Tuesday, 25 March 2014

Questions (847)

John O'Mahony


847. Deputy John O'Mahony asked the Minister for Agriculture, Food and the Marine the progress he is making in resolving the problem regarding the proposal to incorporate the sheep grassland payment into the single farm payment of sheep farmers as part of the new Common Agricultural Policy; the progress on securing the restoration of the sheep grassland payment to €18 million per annum; and if he will make a statement on the matter. [12846/14]

View answer

Written answers (Question to Agriculture)

In developing the shape of the new system of Direct Payments in Ireland, I have been very conscious of the needs of sheep farmers, in particular those who farm on hill and commonage land. In general sheep farmers hold low value entitlements under the current Single Payment Scheme and will benefit significantly from the model of convergence that is to be applied in Ireland where those with a low Initial Unit Value will see the value of their entitlements increase over the period of the scheme. The Grassland Sheep Scheme is based on Article 68 of the current EU Regulation 73/2009 which governs direct payments in the form of the Single Payment Scheme. As of 1 January 2015 that Regulation is superseded by EU Regulation 1307/2013 and consequently there is no longer any legal basis for the continuation of the Grassland Sheep Scheme in its present form.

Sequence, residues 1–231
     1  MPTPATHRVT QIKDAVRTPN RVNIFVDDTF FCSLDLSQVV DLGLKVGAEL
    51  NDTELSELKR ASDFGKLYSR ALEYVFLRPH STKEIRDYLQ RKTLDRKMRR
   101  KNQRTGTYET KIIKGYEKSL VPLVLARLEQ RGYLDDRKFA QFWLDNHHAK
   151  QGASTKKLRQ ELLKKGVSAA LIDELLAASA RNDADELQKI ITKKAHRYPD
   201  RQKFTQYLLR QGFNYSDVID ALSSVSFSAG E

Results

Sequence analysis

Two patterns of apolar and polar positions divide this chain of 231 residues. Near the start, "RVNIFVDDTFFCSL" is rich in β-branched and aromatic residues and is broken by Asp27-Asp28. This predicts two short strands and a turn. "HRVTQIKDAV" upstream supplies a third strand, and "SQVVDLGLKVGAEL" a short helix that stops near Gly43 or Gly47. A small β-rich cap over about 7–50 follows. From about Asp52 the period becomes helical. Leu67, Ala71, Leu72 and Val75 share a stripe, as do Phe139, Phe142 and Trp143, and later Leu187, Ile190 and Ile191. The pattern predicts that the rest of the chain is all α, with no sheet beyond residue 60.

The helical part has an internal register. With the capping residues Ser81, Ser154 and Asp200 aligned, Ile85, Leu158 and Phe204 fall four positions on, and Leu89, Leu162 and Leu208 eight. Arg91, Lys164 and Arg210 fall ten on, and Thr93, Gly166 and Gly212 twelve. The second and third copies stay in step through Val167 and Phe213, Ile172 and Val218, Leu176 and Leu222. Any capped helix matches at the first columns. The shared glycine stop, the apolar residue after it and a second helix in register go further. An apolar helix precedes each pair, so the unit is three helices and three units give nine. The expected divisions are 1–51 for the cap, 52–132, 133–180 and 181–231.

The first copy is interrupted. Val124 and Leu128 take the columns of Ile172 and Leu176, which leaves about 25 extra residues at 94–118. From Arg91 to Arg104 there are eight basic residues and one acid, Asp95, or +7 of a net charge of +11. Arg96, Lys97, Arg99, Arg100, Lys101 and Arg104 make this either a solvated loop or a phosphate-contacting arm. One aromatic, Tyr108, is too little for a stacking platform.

When determining the Initial Unit Value of a farmer’s entitlements under the Basic Payment Scheme in 2015, Regulation 1307/2013 gives Member States the option to take into account any payment the farmer received in 2014 under Article 68 schemes such as the Grassland Sheep Scheme. This option is only available where the Member State is not applying voluntary coupled support to the sector concerned under the new CAP.

I have decided to apply this provision in Ireland as a means of safeguarding the value of the payments received under the Grassland Sheep Scheme for those farmers concerned. The Grassland Sheep Scheme is the only Article 68 scheme that is being incorporated into the calculation of entitlements under the new Basic Payment Scheme. If such incorporation does not take place the value of such payments would simply remain in the national fund and would be redistributed generally among all farmers who establish entitlements.

The incorporation of the Grassland Sheep Scheme payment into the calculation of a farmer’s Initial Unit Value in 2015 will obviously result in a higher entitlement value for the farmers concerned from the start of the Scheme rather than relying solely on the gradual process of convergence to increase the unit value over the five year period up to 2019. Our analysis confirms that as a result of this provision the group of farmers who receive the Grassland Sheep Scheme will experience immediate benefit as part of their payment under the Basic Payment Scheme.

Over the past two years sheep numbers have stabilised and while the breeding flock declined slightly in 2013, a return to growth is expected in 2014. I was pleased to note that for the third consecutive year Irish sheep throughput grew, reaching 2.61 million head, a rise of 7%. These developments led to sheepmeat production rising by around 3% to stand just over 55,000 tonnes. The total value of Irish sheepmeat exports is estimated to have increased by over 4% in 2013 to reach €220m.